Increased CD24 expression on total B cells

Elevated number of CD21+ CD38− B cells

B cells [14]


33/CCC & CDC




Increased number of naïve and transitional B cells

miRNA in immune cell subsets [17]


35/CCC & CDC




34 miRNAs upregulated in NK, B cells and monocytes

Diagnostic criteria: CDC the Centers of Disease Control or Fukuda Criteria [49], CCC Canadian Consensus Criteria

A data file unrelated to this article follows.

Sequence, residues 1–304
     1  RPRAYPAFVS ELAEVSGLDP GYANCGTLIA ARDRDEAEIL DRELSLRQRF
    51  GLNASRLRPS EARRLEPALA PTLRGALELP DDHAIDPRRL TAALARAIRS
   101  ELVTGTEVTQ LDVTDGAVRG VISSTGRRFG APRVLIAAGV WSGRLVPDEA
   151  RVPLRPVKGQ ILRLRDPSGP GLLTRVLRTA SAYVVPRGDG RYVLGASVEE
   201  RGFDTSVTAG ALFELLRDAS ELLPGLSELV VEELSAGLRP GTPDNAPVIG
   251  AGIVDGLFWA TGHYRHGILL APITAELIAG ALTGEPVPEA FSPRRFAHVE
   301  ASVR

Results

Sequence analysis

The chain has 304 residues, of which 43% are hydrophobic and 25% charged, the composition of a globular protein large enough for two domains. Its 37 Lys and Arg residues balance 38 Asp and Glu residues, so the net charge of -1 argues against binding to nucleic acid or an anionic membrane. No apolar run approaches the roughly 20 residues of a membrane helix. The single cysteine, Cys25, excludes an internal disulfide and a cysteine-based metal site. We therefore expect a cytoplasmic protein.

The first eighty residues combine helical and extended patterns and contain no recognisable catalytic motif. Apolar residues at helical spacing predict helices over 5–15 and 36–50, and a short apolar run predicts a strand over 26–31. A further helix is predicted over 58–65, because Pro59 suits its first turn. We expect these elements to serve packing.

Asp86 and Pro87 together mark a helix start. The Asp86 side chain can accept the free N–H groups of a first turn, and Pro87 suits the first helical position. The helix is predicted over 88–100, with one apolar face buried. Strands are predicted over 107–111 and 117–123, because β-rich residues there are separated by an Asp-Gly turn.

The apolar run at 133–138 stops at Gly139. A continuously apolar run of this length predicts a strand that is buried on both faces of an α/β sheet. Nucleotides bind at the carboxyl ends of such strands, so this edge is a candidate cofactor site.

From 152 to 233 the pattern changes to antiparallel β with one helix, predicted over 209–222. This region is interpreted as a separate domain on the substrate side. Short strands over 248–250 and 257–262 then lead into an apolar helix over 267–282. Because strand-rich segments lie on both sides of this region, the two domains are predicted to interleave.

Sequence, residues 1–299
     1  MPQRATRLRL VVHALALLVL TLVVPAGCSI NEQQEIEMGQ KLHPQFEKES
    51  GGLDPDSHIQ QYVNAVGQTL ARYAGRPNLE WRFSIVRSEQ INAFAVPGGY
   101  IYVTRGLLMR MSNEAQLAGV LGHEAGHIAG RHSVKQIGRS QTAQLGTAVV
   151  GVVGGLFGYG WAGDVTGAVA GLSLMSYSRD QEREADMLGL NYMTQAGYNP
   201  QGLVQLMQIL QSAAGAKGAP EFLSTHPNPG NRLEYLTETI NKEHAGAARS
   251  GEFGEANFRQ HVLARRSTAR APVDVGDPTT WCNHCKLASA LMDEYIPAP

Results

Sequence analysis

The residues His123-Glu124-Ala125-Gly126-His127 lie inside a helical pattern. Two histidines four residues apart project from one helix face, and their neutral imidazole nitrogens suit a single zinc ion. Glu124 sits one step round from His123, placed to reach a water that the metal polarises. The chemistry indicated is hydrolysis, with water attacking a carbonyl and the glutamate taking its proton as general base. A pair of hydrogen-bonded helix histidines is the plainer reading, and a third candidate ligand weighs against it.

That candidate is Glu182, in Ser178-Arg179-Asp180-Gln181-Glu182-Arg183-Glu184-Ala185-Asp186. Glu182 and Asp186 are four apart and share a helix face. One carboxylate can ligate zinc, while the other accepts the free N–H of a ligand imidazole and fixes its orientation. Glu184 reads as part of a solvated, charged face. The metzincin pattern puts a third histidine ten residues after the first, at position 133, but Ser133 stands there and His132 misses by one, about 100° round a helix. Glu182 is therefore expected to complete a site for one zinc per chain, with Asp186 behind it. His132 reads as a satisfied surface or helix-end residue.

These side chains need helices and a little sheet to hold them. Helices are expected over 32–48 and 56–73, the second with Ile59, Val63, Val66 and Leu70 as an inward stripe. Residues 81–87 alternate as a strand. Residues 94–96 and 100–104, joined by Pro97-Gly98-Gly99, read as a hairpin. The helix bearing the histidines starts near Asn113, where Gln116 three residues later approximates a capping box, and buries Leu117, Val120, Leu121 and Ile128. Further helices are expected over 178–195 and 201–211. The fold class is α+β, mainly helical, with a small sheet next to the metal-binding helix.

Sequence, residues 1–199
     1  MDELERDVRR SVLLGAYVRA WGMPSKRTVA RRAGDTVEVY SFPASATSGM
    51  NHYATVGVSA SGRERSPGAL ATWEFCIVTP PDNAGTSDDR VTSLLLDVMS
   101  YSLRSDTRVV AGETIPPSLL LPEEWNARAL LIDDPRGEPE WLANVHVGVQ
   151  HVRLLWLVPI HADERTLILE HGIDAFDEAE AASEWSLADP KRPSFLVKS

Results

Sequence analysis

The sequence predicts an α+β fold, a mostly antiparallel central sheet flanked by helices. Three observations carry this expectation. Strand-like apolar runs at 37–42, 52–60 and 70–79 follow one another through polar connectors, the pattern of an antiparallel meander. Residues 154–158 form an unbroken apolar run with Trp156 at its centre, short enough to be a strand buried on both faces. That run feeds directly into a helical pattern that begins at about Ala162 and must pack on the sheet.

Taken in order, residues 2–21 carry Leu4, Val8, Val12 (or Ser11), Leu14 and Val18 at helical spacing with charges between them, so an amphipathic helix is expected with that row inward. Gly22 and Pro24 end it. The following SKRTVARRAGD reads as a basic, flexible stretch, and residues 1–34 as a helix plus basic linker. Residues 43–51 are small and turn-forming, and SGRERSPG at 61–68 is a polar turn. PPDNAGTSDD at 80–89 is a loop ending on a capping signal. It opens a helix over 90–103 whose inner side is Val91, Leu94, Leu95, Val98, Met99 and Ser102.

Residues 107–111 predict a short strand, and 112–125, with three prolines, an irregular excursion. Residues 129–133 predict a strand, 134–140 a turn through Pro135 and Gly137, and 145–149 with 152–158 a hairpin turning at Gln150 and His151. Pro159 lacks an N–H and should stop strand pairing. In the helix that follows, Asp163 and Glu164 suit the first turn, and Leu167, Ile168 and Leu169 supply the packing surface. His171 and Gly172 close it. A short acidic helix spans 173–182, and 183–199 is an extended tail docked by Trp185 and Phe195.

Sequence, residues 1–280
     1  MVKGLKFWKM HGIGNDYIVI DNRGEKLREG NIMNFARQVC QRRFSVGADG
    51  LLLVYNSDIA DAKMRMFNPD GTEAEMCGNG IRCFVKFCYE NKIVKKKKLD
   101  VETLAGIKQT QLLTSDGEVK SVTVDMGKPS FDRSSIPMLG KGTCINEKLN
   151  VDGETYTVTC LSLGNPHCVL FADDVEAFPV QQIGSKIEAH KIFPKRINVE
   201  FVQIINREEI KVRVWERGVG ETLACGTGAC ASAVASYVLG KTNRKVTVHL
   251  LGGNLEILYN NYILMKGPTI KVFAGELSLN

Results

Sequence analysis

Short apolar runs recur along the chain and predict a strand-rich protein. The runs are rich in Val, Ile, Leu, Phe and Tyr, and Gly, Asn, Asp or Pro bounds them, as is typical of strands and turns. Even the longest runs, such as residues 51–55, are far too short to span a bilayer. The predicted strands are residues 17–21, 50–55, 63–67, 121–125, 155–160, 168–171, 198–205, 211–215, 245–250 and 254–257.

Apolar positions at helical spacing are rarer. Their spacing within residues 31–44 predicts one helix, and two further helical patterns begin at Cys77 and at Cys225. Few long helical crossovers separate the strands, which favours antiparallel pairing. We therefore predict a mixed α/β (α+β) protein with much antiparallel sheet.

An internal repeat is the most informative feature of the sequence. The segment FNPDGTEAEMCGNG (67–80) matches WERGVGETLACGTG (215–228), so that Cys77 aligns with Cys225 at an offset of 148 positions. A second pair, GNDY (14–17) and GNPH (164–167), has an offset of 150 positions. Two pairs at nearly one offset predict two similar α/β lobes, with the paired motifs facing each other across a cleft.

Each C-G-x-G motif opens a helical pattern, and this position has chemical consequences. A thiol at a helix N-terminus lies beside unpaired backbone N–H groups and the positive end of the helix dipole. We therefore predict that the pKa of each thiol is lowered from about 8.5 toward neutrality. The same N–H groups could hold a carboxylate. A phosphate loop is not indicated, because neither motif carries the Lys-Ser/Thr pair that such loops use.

So far there is no single biomarker available for diagnostic use in ME/CFS. Most studies identified here were exploratory in design and lack sex and age-matched control groups or validation cohorts thus having a low evidence level as summarized for the immune marker studies in Table 2 [42]. Some studies report inconsistent data, too. For example an expansion of transitional and naïve B cells and reduced plasmablast levels was reported in one study [14], but could not be confirmed in two other studies [4, 12]. Immune cell phenotype and function analyses are, of course, hampered by variations in sampling and methodological differences between laboratories as most flow cytometric assays are not standardized. Further, immunological biomarkers reported mostly show alterations in subgroups only or with wide overlap to healthy control groups. Such heterogeneous results may be related to the fact that subgroups of ME/CFS patients exist with different immunological pathomechanisms. This concept is supported by the existence of clinical subgroups with heterogeneity in disease onset (infection- versus non-infection triggered), the variability of immune-associated symptoms, and the divergent response to B cell depletion therapy [43]. Research activity in infection markers on ME/CFS across Europe is sparse; however, there is currently no evidence from the available literature that there is a specific serological signature aiding in diagnosis of ME/CFS.